The British Nigerian artist, or rather self-proclaimed scam artist, Olaolu Slawn is hard to pin-down to just one practice. If anything, Slawn is the full package, with his other titles including: skater, designer, father, Mowalola model – of which his son is also accredited with – and now coffee shop owner. Quickly becoming one of the most prominent figures to come out of London’s current art scene, let’s take a look back at Slawn’s rise in the creative field.
Slawn’s formative work experience paved the way for his creative ventures to come, having worked at Wafflesncream, a Lagos-based first-of-its-kind skateshop. Soon enough, Wafflesncream caught the attention of skate brands like Supreme and Dime, and Slawn started helping on editorial shoots for London-based publications on top of running the shop which felt more like a non-stop function with friends than an actual 9-5 retail job.
Immersed in the skate world, it was time for Slawn to make his own mark on the subculture, alongside his friends Leo and Onyedi. Motherlan was founded by the 3 in 2018, specialising not only in skatewear but the Lagos skate scene and culture at large, releasing its first film titled “Edward” just a year later. It wasn’t long before Motherlan received international recognition, with its second film in 2020 being shot in collaboration with Converse, and the brand receiving the highest of co-signs in fashion and culture, that of Virgil Abloh’s.
By 2019, he moved to the UK to study graphic design at Middlesex University and just a year later, the artist picked up painting as a result of lockdown boredom. Fresh out of confinement, 2021 saw Slawn disrupt the art world with his exhibition held at the Truman Brewery, with his piss-taking art that fits in line with his troublemaking kid mentality.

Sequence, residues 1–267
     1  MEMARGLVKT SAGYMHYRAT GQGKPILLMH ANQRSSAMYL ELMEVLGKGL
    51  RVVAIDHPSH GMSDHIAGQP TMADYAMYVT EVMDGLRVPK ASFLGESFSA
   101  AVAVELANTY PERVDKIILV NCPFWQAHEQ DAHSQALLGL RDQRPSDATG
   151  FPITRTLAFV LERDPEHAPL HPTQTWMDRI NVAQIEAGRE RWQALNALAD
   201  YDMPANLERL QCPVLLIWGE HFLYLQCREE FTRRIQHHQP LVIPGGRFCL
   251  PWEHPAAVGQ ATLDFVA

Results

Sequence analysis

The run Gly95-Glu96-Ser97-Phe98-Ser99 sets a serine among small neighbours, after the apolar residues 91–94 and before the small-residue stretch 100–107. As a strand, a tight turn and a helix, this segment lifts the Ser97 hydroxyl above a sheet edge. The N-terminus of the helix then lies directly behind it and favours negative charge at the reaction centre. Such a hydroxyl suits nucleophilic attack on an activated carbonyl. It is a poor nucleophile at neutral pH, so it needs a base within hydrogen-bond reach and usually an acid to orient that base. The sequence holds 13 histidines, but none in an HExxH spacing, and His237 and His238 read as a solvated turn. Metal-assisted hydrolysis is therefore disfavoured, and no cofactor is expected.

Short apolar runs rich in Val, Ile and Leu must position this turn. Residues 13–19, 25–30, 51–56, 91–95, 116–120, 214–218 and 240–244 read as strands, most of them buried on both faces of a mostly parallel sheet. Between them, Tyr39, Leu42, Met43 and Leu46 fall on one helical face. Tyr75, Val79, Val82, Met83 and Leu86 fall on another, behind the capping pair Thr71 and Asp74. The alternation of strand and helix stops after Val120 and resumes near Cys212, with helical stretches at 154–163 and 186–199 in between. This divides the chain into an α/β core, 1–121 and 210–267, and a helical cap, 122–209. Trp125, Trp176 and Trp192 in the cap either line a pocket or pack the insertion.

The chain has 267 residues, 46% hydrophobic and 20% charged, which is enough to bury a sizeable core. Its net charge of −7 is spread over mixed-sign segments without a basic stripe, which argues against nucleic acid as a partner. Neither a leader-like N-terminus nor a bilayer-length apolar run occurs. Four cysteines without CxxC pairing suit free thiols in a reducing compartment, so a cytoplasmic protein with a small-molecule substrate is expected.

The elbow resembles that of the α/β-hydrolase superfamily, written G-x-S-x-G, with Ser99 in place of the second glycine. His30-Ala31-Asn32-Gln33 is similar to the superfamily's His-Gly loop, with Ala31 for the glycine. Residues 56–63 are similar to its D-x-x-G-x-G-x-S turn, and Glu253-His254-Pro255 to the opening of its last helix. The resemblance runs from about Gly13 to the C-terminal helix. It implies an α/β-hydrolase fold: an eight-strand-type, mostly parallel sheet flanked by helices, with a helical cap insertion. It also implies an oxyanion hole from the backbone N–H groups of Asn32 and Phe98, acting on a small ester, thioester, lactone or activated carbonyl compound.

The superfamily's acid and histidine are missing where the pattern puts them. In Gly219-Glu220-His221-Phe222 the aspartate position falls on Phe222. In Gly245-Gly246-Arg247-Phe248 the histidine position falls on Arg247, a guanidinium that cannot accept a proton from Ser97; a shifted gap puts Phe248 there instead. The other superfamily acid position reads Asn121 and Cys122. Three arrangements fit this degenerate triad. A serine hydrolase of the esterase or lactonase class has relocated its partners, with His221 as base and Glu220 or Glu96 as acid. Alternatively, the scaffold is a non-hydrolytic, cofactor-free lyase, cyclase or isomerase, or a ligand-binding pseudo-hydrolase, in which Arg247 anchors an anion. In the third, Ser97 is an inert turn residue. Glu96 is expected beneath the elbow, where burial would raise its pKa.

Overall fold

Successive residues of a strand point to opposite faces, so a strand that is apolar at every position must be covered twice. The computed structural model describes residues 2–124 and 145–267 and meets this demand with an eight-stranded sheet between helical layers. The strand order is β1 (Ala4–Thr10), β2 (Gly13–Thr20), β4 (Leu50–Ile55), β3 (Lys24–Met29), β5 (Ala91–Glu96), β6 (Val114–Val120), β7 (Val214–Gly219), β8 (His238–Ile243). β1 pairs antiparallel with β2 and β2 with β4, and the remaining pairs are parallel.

Slawn’s graffiti, squiggly-style of paint on canvas were once free-for-all works the artist would give out to his friends and whoever would want one – or fight for one – but now find themselves selling for £30,000 at a Sotheby’s auction co-curated by Skepta. The power of self-image on Instagram is what Slawn credits this pipeline to.
Working on canvases, murals and just about anything Slawn can get his hands on, his playful street and pop art-style may seem like just that, a bit of fun, at first glance. This notion is reinforced by the artist himself who has often been quoted as questioning why others even follow or show any interest in his art as he is just messing about. Though up close, it’s clear that Slawn knows what he is doing, with his art diving into the themes of political challenges, racism, human psychology and other societal concepts.
Slawn’s success seems to only grow by the day, a fact the artist can barely come to terms with. Last October saw the artist hold his first solo exhibition titled “On A Darker Note” at the Efie Gallery, which also happened to be sold out, a rarity in any artist’s career. Then, there were the Brit Awards. Slawn was approached for the 2023 edition of the award show, tasked with designing the statuette as well as the overall set, making him the youngest and the first Nigerian-born artist to accomplish this feat.
At such a young age, Slawn has already accomplished what many artists work their whole life to accomplish. With his very own family-run coffee shop now open in East London named after his son Beau, Slawn is an unstoppable force that will continue to disrupt the streets of London by simply just doing him.
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